Los Angeles-based traditional honky tonker Sam Outlaw set the record straight, though, saying he was "going to confront it head on." He told the crowd of 45 at his Boston-area debut that he took his mom's maiden name at his stage name.... »»»
Concert Review: White follows his muse
John Paul White said he was unsure how many would bother showing up on this night. He expressed uncertainty even how big a crowd he would attract in his hometown of Florence, Ala. when this tour started a few weeks earlier.
Perhaps White should not have been surprised. After all, he was one-half of the great late The Civil Wars, who turned in a... »»»
Country News Digest
Elsewhere in the news
Currently at the CST blogs
Nearly 10 years on, The Infamous Stringdusters have carved out a singular place for themselves in the bluegrass/jamgrass world. The Stringdusters tour aggressively, are fixtures on the festival circuit and released several intriguing recording projects since late 2015: an EP of covers, including Tom Petty's "American Girl," and a full-length album of songs collaborating with some of the finest female singers in the Americana genre ("Ladies and Gentlemen").... »»»
James Reams is one of bluegrass music's unconventional stalwarts. A son of Kentucky, Reams' journey has taken any number of unusual pathways since the mid-seventies. Producing albums for more than 20 years, Reams' ninth release of personable bluegrass, "Rhyme and Season," is a relaunch for Reams, an artist who has never followed a singular route.
After scoring a 2015 IBMA nomination for Best Bluegrass Album for "Cold Spell," Frank Solivan tried something a little different this time around - an album of songs recorded by "Family, Friends and Heroes" (Compass). In an earlier musical life, Solivan served as stalwart in Country Current, the Navy's touring bluegrass band. Solivan left the service and formed Dirty Kitchen, a hat-tip to his background and continuing efforts as a chef.... »»»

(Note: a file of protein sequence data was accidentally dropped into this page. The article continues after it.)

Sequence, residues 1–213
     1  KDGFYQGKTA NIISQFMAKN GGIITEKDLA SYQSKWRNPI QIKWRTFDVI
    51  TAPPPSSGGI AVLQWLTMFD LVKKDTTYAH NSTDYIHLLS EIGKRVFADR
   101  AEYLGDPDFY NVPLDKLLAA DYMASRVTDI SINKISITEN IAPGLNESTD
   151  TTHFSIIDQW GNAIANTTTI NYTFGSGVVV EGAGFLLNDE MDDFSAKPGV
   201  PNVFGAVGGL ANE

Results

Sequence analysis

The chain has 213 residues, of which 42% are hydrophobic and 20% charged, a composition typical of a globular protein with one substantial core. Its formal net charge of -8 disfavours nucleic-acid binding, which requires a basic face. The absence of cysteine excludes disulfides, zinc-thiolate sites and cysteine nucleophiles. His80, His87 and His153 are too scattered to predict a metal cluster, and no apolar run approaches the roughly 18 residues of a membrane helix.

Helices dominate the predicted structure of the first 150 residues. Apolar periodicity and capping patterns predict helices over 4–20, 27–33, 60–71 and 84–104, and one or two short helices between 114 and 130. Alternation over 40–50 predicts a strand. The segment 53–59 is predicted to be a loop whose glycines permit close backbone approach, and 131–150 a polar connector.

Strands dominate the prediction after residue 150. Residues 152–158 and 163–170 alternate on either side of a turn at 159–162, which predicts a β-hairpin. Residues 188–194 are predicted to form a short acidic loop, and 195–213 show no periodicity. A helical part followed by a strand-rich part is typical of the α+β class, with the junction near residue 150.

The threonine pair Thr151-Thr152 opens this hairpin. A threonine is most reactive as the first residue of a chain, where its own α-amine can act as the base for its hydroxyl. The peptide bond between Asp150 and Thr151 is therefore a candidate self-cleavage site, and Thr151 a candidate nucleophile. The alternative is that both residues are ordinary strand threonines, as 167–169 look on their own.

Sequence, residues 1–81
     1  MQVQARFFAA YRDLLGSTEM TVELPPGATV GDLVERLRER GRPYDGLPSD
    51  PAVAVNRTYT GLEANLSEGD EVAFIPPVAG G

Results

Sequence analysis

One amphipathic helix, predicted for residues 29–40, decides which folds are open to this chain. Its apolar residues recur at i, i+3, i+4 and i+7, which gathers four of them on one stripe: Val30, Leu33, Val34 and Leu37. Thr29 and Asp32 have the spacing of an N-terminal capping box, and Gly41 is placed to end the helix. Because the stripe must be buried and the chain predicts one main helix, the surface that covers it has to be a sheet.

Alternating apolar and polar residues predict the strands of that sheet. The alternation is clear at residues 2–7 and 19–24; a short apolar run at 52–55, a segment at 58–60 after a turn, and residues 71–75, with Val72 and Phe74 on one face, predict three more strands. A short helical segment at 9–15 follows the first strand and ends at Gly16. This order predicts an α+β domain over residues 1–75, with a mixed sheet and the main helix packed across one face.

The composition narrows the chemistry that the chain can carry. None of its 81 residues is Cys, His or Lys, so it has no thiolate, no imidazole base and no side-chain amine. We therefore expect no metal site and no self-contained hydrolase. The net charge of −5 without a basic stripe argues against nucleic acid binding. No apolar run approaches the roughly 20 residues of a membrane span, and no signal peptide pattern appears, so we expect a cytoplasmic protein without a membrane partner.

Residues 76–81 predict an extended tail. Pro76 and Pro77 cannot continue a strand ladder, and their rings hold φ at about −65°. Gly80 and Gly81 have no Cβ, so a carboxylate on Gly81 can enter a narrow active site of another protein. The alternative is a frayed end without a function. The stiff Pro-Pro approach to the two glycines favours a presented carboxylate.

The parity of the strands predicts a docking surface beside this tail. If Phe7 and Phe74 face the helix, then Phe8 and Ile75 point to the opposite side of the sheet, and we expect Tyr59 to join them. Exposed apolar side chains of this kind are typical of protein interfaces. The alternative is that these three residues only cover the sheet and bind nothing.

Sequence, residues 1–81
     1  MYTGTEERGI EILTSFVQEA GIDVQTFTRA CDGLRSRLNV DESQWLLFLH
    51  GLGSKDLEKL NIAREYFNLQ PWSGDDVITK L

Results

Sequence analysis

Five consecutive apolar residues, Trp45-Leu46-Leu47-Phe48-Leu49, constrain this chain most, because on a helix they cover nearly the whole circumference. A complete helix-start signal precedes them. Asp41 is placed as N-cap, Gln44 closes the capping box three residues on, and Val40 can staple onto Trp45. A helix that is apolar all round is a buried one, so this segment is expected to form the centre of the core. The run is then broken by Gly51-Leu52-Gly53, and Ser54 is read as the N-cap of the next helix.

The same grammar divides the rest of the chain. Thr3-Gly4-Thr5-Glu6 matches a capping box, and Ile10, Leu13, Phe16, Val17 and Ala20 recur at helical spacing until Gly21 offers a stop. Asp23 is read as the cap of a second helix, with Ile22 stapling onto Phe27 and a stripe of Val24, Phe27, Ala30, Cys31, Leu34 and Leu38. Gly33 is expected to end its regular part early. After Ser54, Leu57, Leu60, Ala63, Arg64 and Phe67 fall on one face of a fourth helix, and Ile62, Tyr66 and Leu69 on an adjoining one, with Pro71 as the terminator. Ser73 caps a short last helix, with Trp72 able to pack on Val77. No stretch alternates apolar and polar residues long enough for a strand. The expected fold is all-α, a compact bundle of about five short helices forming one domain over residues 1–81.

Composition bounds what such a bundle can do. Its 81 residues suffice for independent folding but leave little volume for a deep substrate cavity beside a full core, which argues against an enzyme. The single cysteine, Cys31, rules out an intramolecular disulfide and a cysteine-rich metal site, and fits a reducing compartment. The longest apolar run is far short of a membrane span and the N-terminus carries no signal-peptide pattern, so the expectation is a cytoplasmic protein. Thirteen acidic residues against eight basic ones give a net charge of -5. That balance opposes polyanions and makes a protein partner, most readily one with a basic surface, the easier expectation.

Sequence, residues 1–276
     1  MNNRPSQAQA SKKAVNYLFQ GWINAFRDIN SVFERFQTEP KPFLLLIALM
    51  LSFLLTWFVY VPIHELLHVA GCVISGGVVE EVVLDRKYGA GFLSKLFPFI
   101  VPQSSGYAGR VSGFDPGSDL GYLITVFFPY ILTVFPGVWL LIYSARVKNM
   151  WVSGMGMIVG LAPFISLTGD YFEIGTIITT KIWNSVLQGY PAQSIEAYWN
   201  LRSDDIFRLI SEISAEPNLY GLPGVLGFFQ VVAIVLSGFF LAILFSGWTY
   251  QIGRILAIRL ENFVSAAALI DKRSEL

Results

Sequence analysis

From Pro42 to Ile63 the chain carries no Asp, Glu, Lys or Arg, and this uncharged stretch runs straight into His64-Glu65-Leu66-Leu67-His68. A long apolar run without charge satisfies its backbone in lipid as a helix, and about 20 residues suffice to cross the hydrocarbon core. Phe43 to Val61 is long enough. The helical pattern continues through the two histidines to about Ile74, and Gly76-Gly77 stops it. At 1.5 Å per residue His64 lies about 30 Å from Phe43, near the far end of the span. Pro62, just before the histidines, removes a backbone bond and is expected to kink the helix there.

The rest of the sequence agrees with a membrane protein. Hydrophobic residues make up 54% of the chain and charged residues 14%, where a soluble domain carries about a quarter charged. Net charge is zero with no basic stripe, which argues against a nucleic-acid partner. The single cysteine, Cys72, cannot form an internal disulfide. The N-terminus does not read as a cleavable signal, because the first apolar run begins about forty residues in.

It's been seven years since Sam Bush released a collection of songs (2009's "Circles Around Me"), but Bush has never left the bluegrass/jamgrass consciousness. He tours, mostly festivals, with his first-rate Sam Bush Band and has popped up as instrumental collaborator with Frank Solivan, Taylor Swift, Bela Fleck, David Grisman and countless others over the years. »»»
No longer just a startlingly talented young bluegrass musician, on her latest, Sarah Jarosz shows her growth both as a person and an artist. This is her first recording done while she wasn't in either high school or college, the first since her move to New York City three years ago, and the first time she has included only new original material. »»»
Big Day in a Small Town
There are two components to Brandy Clark. First is her songwriting, which gained her much street cred, penning songs for the likes of Miranda Lambert, The Band Perry, Keith Urban, Reba McEntire and a slew for Kacey Musgraves and Jennifer Nettles. And then there's her own artistic career with her major label debut finally coming close to three years after her extremely well-received (with good reason) debut, "12 Stories." »»»
The rough-edged, soulful vocalist Frankie Ballard certainly receives some high-powered songwriting help on "El Rio." Chris Stapleton, considered country music's savior by some, contributes to a couple of songs, and hit makers Chris Janson and Kip Moore also each have co-writing credits on the release. »»»
Someone to Take Your Place EP
Kacey Musgraves, Brandy Clark and Miranda Lambert have demonstrated that country music is loaded with smart, talented female singer/songwriters who aren't afraid to get a little risqué with their lyrics. Add Tara Thompson to that list, if the five songs from her debut "Someone to Take Your Place" EP are any indication. »»»
Maren Morris scored a hit out of the box with "My Church," the best of 11 songs on her major label full-length debut. The Texan infuses the song she wrote with uber producer busbee with mighty vocals powering a midtempo, soulful reading extolling the redemptive powers of playing music with the windows rolled down. »»»